Last week may foreshadow mayhem in the lands of Pharaohs once again. They have been several protests against President Abdel Fattah el-Sisi widely seen as Hosni Mubarak’s replacement. He came to power after Mohammad Morsi, the first and only democratically elected leader was overthrown. Since then Sisi has ruled with an iron grip.
The Arab Spring that brought down many Middle East dictators was seen as a failure in Egypt. It may have led to the downfall of longtime dictator Mubarak, but there was no regime change and brutal state repression continued. In such circumstances, it was expected that there would eventually be another Egyptian uprising.
Demonstrations under Sisi have been rare but the chants and protests across the nation were similar to those at the symbolic Tahrir Square in 2011. The latest protests are instigated by Mohammed Ali, a self-exiled former military contractor, who released videos of alleged corruption and lavish spending by the president and his family.
The Egyptian military tried to discredit Ali but all efforts failed. He was then branded a sympathiser of the outlawed Muslim Brotherhood. Later Sisi acted defensively and appeared to confirm the lavish lifestyle in the presidential palace launching an enquiry. Then the state responded in the way it knows best; by resorting to mass arrests and a clampdown on all protests.
The state-owned media first denied that any protest had even taken place, but over a thousand people including several high-profile individuals have been arrested. Many are in custody for using social media for spreading fake news. More protests are expected this week calling for an ouster of Sisi.
The protests are meaningful even if they are small and disorganised. Protests were banned in 2013 after security forces cracked down on a sit-in of anti-coup protestors and killed scores of people. It is difficult to dismiss the current protest as insignificant given the brutality and element of fear under the Sisi regime in place.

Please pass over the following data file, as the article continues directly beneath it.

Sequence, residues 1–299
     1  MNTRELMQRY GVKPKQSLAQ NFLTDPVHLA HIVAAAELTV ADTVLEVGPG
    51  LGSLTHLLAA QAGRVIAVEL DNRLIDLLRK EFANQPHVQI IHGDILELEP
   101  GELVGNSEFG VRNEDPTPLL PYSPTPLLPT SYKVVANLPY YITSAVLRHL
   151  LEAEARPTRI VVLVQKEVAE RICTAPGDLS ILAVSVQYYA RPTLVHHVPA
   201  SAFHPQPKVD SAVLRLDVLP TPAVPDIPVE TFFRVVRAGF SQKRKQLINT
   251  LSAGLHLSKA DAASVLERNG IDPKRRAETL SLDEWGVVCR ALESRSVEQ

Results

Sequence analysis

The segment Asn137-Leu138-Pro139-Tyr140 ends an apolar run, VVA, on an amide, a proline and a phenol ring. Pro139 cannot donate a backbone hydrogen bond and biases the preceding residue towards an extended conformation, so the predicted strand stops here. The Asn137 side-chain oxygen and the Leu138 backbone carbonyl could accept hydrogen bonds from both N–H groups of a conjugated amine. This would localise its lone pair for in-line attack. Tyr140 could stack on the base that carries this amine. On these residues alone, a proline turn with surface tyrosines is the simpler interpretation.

Egyptians have been dissatisfied with Sisi’s rule and freedoms are far fewer than even under Mubarak. The president has failed to hold independent polls in Egypt and the economic situation has worsened. According to a report, one-third of the population lives in poverty but the rate could be much higher.
Egypt has failed to build its economy and authorities have waged a sweeping crackdown on dissent. The country also faces a crumbling infrastructure and a worsening water crisis. In the face of poverty, reports of corruption and political mismanagement have compelled ordinary Egyptians to protest.
The protests might signal the beginning of the end of Sisi’s rule, regardless of how things turn out in the future pressure is expected to mount in the coming days. If protests continue to grow in size and numbers, the military might be forced to intervene and remove the president. However, Sisi has friends in the Middle East and these countries will ensure that protests do not get out of control.
One can’t help but wonder how Egyptians who aspire for democracy and freedom will overcome a repressive state. For a country that has seen thousands of years of authoritarian systems from pharaohs, kings and dictators, this may be wishful thinking.